Dollar collapse inevitable as CBO warns of unsustainable debt levels

The United States national debt has taken a backseat over the past couple of months due to the potential war with Syria. Over the next few weeks, though, it is expected that the federal debt and budget deficit will capture headlines again because of the looming debt ceiling fight between President Obama and Republican lawmakers.

At the present time, the U.S. faces a $17 trillion national debt and a near $1 trillion budget deficit. The Congressional Budget Office (CBO) published a report Tuesday that warned the U.S. public debt could account for more than 100 percent of the country’s economic output within the next 25 years unless action is taken.

Despite modest revenue growth and a tax increase in January which have reduced near-term budget deficits, the CBO argues that this is not enough, especially due to the rising costs of Social Security and healthcare for seniors. The agency is now calling for the government to slash $2 trillion in spending over the next 10 years.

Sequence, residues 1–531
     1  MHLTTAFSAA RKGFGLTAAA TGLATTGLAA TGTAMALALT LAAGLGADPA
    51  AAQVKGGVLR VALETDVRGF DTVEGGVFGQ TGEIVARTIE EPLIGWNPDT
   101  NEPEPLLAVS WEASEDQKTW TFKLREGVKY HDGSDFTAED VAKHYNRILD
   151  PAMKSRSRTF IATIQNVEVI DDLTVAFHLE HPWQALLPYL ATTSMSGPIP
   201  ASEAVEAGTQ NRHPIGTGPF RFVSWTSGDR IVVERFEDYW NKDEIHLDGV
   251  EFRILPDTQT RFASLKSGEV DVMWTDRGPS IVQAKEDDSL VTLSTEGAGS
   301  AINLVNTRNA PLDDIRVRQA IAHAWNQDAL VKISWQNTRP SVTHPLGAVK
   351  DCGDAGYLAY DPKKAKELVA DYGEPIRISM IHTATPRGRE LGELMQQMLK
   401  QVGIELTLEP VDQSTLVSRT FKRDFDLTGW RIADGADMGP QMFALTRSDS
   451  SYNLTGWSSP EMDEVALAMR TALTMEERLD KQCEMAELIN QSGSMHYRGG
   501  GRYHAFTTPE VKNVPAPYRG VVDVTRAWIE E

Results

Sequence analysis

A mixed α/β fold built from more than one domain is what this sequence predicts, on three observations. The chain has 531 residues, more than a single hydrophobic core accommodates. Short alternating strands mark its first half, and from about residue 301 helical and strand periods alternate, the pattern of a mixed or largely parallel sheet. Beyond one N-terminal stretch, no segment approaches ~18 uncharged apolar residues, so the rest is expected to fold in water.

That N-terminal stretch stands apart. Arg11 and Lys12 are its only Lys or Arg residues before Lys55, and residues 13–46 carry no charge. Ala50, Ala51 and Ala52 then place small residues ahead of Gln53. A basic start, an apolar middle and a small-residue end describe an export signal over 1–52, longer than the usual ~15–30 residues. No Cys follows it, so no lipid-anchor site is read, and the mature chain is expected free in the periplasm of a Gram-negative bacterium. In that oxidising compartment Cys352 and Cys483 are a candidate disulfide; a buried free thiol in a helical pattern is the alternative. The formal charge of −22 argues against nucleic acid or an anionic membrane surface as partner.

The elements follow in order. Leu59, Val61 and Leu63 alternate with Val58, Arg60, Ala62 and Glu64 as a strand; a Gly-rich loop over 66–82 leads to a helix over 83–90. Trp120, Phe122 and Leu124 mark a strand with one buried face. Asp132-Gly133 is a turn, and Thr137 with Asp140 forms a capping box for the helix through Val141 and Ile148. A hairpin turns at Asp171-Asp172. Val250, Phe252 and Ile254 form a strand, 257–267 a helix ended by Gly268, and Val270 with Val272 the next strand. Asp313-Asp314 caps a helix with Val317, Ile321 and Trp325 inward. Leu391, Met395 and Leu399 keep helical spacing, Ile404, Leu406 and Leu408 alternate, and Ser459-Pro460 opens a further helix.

“Unless substantial changes are made to the major health care programs and Social Security programs will absorb a much larger share of the economy’s total output in the future than they have in the past,” the report stated.

What should be troubling most Americans is the issue of rising interest rates. It is projected that the U.S. will make $765 billion in annual interest debt payments by 2023, but that is only if interest rates remain the same as they are today. This means that the debt will continue to balloon and this could affect the pocketbooks of most households through the means of taxes and inflation.

In addition, the U.S. owes foreign governments trillions of dollars, particularly China and Japan. Seeing as how it won’t pay the money back, it only has two options: admit insolvency or devalue the debt by half through inflating the money supply. In other words, a complete collapse in the U.S. dollar is inevitable.

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Comments

  1. If the Dollar collapses, nowhere will be unaffected. Bad days ahead, I fear, and I’m in Australia, supposedly untroubled by the GFC. With economic strife, comes recession, depression and war, then nowhere will be safe. Not even Australia.

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